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One toke over the line?

20 October 2015

La Jornada’s “Dinero” columnist, Enrique Galván Ochoa, makes an interesting observation. While focused on the irony of Minister (Supreme Court Justice) Arturo Zavala being hailed as a “progressive” for pushing (if that’s the right word to use here) for decriminalizing marijuana, despite having ruled against Carmen Aristigui on an important free speech case seen as much more vital to progress and freedom, Galván notes that:

The Dutch government decriminalized marijuana consumption (originally five grams per person, then 30 grams) in 1976. Amsterdam became a global icon for its famous “coffee chops”, where tourists can buy it like a cappuccino. After nearly 40 years experience, the cost-benefit analisis is still under discussion. One of the worst consequences had been the development of a mutant cannabis strain that, according to experts, causes severe health damage.

That said, the Netherlands is among the ten least least corrupt countries in the world, in eight place, according to the Transparency International index 2014. That is, decriminalization occurred in a country under the rule of law. Now they want to decriminalize marijuana in Mexico, a country that ranks among the most corrupt, at 103rd place on that index.


…The minister’s project favors the reign of El Chapo. Perhaps Zaldívar wants to go down in history as a progressive jurist, but is in fact only an unwitting collaborator (let him determine to what degree) in the business interests of El Chapo and his fellow mafiosi.

It may be a tad harsh to accuse Minister Zalívar of collaborating (wittingly or otherwise) with gangsters, but then to just assume that the “magic of the marketplace” is going to erase exploitation and end violence is the hopelessly naive sort of thinking that makes me wonder if its proponents aren’t stoned when they say that. As I’ve noted before, the marijuana industry is not particularly different than any other tropical or sub-tropical commodities export business, its model based on exploitation and abusing rural communities. But, the Dinero columnist isn’t talking about exports, but about internal markets.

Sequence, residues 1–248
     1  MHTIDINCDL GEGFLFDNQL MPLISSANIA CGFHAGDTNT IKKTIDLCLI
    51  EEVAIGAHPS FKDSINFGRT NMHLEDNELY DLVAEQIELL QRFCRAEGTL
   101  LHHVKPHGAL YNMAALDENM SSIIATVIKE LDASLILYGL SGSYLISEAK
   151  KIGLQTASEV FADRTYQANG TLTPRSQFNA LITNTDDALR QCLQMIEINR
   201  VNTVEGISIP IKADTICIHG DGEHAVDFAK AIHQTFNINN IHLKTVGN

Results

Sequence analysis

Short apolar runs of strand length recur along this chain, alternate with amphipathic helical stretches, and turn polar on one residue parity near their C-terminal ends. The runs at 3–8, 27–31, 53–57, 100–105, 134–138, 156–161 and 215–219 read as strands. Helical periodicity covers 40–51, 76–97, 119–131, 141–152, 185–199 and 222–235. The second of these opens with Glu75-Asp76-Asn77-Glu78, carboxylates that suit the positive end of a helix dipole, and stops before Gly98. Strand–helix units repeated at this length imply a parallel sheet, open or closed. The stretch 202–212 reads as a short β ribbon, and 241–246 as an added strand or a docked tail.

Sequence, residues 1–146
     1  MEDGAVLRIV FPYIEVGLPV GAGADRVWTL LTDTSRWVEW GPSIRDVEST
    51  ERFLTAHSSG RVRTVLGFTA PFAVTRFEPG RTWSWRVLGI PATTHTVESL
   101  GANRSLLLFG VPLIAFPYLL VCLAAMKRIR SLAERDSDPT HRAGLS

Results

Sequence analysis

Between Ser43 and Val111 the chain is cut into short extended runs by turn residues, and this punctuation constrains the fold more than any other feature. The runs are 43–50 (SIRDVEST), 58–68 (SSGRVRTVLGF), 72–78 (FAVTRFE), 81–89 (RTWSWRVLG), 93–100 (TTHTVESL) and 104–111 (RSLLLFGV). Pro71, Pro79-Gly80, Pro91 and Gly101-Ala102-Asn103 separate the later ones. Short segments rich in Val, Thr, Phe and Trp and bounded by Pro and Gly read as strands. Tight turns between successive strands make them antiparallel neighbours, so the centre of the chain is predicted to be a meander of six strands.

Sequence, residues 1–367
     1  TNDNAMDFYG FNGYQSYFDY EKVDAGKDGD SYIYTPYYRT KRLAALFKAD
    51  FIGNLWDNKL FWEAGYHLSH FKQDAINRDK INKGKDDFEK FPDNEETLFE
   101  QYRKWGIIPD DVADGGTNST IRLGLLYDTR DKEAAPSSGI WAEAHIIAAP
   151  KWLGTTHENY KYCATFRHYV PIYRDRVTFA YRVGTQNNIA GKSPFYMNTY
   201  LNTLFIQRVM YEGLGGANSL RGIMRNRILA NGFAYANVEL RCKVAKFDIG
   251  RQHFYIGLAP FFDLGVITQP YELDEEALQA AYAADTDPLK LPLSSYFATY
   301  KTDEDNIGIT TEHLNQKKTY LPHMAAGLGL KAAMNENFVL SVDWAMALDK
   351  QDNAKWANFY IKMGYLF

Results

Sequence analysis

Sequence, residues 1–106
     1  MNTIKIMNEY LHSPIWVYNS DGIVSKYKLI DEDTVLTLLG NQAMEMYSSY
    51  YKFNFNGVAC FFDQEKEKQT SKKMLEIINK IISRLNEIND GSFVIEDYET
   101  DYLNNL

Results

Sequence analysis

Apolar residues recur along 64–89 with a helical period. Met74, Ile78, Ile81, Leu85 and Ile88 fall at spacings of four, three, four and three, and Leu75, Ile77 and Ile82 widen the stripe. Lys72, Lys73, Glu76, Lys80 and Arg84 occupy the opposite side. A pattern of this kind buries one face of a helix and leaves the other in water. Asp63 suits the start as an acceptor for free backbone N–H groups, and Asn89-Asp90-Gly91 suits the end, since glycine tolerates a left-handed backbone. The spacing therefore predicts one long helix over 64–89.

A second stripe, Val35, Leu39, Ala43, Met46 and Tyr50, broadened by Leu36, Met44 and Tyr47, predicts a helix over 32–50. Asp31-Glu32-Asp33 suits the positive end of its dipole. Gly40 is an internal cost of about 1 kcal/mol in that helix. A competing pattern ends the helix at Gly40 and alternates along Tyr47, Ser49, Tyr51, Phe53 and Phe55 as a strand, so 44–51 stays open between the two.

The internal market for marijuana … while only a fraction of that of our northern neighbor… may indeed be larger than I believe it to be, I don’t see how viable a market it really is. Not that I really care if people DO smoke marijuana (as long as they aren’t going to use heavy machinery, or attempt to engage in logical discourse), but the likely outcome being either corporate control of farmland better used for basic crops (and less water-dependent ones in dry regions where it is now being grown) and a lack of a good regulatory system for quality and purity … not to mention control over where and how it is sold, is likely to be disastrous in a country where even long established, “legitimate” exploitative commodity industries (think mining) have proven not just a danger to our environment and public health and safety, but to our economy as well.

6 Comments leave one →
  1. Allen Manana permalink
    20 October 2015 9:13 am

    The precedent has been set in Canada. On October 19th, The Liberal Party of Canada was elected, the new prime minister ( same as a president) has promised immediate legalization of marijuana. In theory , the government will control and tax all of the sales.
    The Liberal party of Canada is almost identical in make up to the P.A.N. in Mexico.

  2. 20 October 2015 11:11 am

    PAN and Canadian Liberals? Interesting. The right wingers in the US usually consider the Canadian Liberal party to be a bunch of Commies. But then, maybe you mean in party structure and support?

  3. norm permalink
    28 October 2015 11:05 am

    As a frequent visitor to Latin America, I can attest that there is a whole lot of smoking pot going on in the service industry. It was common in the 80s, 90s and on into the present. Sit on any varanda at shift change and the workers will be puffing off behind the AC unit or up on the roof, the smell gives it away. It is not just Mexico, Belize workers are more likely to smoke than they are to drink and it is not just the young people. I never ever partake but one can not help but notice how common it is, if one knows the signs.

    Keeping the pot trade illegal does more harm than good, the pot laws need to be scrapped for just that reason alone.

    • 28 October 2015 1:25 pm

      The case is being argued on human rights grounds. Whether it is a “human right” is a different matter than whether it is done. While I don’t necessarily agree with the author’s contentions, I see some economic and social problems … by the same reasoning, we shouldn’t be taxing sugary drinks here in Mexico, because one has a right to indulge in them, and people want to drink them.

  4. 15 November 2015 4:35 am

    Genuinely no matter if someone doesn’t be aware of afterward its up to other viewers that they will assist, so
    here it takes place.


  1. Refer madness | The Mex Files

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